This horizontal band of trim is attached to walls, usually on the lower third of the wall. In classical design, chair rails are installed much lower than they are in many modern homes.
This treatment straddles the corner where walls meet a ceiling. “Cornice” often is used interchangeably with “crown” molding, although a cornice “typically is more built up,” says Ryan Mulkeen of Kuiken Bros. The common application today, he says, uses a wide base molding that’s inverted and installed flat against the tops of walls; the bottom edge of the crown is affixed to this base molding, and the top of the crown touches the ceiling. There also can be a base molding and crown combination that unite with other moldings; sometimes a top piece called a cap is used.
4. Door casing
This molding, attached to the wall, frames doorways.
A decorative horizontal band on a wall, a frieze is often created by affixing a strip of picture-frame molding to the wall parallel and below a cornice or parallel to and above a baseboard. It also can be used in combination with other moldings such as window casings or on mantels, for instance. Wallpaper borders or decorative painting may fill in the recess of a frieze on the wall; it also may be left plain, matching the rest of the wall or adjacent moldings.
6. Picture rail
This molding, typically affixed to the wall just below cornices, is intended to hold hooks from which pictures are suspended (instead of putting holes in walls).
Decorative corner blocks, which eliminate the need for mitered corners, are used where the horizontal and vertical casings of doors and windows terminate. Rosettes are usually inscribed with concentric circles to resemble a bull’s-eye; they’re popular in Victorian woodwork.
This wall treatment (usually made of wood such as bead-board or other paneling) is installed between a chair rail and a baseboard. It can be any style, with flat or raised panels or grooved bead-board.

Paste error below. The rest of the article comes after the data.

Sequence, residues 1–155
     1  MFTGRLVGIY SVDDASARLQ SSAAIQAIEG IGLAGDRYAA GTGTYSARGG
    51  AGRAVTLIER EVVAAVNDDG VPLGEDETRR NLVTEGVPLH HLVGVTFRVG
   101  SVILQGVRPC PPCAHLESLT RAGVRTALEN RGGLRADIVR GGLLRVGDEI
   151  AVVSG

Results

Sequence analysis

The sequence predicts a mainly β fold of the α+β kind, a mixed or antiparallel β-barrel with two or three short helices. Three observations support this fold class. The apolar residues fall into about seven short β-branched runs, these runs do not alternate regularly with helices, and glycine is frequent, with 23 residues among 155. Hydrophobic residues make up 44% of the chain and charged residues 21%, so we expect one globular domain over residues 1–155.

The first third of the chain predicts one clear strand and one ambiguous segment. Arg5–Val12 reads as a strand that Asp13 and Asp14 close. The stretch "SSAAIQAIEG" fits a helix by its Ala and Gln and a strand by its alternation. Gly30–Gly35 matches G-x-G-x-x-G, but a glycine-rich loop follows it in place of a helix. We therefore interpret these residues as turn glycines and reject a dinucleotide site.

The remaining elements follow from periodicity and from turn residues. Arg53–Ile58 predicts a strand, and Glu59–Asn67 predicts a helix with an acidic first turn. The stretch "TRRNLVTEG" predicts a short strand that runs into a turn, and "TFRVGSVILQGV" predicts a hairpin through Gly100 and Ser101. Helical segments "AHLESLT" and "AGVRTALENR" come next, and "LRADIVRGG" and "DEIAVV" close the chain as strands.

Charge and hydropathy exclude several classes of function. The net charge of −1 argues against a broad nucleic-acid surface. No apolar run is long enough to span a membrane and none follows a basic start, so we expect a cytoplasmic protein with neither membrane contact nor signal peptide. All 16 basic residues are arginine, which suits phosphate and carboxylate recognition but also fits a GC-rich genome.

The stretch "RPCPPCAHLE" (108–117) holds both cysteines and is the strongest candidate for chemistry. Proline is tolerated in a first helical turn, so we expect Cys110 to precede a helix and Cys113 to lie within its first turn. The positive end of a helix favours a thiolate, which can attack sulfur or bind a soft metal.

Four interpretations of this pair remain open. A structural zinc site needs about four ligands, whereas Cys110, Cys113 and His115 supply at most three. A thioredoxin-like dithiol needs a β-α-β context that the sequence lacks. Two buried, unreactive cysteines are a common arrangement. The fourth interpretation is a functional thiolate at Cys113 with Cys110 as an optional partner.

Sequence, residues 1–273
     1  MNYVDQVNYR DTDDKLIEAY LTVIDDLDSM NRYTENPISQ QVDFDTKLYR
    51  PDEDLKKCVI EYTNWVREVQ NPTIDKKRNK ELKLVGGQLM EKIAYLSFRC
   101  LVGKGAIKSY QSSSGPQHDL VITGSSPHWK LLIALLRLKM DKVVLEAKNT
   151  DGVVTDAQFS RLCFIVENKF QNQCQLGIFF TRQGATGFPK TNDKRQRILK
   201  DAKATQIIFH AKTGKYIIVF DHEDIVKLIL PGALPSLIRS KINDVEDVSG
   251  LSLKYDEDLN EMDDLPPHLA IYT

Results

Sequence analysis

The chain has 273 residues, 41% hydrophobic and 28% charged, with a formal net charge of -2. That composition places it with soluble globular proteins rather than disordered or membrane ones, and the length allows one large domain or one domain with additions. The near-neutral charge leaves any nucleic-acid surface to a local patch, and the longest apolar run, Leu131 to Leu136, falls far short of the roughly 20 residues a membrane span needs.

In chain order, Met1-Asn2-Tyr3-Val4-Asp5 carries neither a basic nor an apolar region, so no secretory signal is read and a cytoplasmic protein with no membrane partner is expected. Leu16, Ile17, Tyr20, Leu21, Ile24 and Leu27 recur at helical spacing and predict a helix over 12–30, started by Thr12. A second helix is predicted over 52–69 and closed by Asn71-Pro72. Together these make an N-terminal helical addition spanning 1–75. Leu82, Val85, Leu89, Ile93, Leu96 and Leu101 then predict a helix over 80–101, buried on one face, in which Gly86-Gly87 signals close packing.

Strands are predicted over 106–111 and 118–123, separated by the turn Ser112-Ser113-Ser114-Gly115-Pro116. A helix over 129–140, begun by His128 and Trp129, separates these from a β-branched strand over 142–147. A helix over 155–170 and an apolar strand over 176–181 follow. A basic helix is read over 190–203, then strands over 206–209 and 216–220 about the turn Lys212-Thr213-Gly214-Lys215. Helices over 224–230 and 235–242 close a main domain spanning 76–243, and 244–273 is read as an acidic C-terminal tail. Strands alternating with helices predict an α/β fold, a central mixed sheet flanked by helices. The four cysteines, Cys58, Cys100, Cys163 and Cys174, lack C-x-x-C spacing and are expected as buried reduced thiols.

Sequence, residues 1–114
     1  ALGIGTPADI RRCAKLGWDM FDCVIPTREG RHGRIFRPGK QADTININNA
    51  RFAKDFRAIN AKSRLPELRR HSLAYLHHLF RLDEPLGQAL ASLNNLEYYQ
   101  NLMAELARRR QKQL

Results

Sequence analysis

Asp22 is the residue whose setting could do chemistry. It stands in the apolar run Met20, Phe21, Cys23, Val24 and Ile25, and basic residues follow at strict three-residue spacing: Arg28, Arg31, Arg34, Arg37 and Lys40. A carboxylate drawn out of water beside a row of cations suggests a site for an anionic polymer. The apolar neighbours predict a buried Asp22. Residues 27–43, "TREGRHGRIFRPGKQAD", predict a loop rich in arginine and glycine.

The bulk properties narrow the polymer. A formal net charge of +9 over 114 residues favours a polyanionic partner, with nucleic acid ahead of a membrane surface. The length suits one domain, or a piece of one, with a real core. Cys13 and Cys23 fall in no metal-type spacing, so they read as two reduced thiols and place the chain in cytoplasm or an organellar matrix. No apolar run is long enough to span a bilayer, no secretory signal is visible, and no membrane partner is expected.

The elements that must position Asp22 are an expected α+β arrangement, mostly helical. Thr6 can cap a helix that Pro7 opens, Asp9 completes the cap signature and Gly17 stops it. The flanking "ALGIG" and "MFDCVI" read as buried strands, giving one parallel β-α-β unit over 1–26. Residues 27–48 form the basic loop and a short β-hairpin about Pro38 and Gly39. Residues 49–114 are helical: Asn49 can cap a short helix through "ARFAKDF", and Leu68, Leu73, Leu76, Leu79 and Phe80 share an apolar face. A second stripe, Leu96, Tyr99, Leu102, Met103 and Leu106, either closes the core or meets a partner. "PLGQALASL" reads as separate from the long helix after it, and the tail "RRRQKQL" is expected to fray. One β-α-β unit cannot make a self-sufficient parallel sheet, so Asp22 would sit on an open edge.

9. Wall frames
These picture-frame style moldings, usually rectangular, visually break up and embellish expanses of walls. They’re often installed below chair rails (as shown here) or windows. They were introduced during the Georgian period.
10. Window casing
This molding, attached to the wall, frames windows, with vertical sections abutting the sill. Window casings are usually identical to door casings.
Do’s & Don’ts
Karla Trincanello, an allied member of the American Society of Interior Designers, and Ryan Mulkeen of Kuiken Bros. share these recommendations for trim:
• Don’t put too much molding in a room; it’s overkill and can make small rooms seem claustrophobic, Mulkeen says. Long lines of simple molding can make a room seem larger, however.
• Do pay close attention to scale. Make scaled drawings of the design so you get the proportions right, Trincanello advises. Mulkeen cites overscaling of door headers as a pet peeve. “Don’t extend them too high.” Both say chair rails should seldom exceed 36 to 40 inches, and lower is often better. When you go too high, violating the proportions from classical Greek and Roman columns, rooms don’t feel right.
• Do experiment with samples to check scale and see how moldings meet up and work together. “People roll the dice,” Mulkeen says, “and then they’re not happy. You can see what it’s going to look like by using samples; a 1- to 1½ -foot sample is usually enough, although a 3-foot section may be needed in large rooms.”
• Do seek expert guidance. Examine photographs showing the work of knowledgeable people. Historic pattern books can help, Mulkeen says. Advice from lumberyard experts, interior designers and architects can help you avoid mistakes.
• Don’t forget about electric outlets, light switches and the like. It’s better to move an electrical box, he says, than to let it meet woodwork awkwardly.
• Do think big-picture about how furniture and overall interior design will work with moldings, Trincanello says.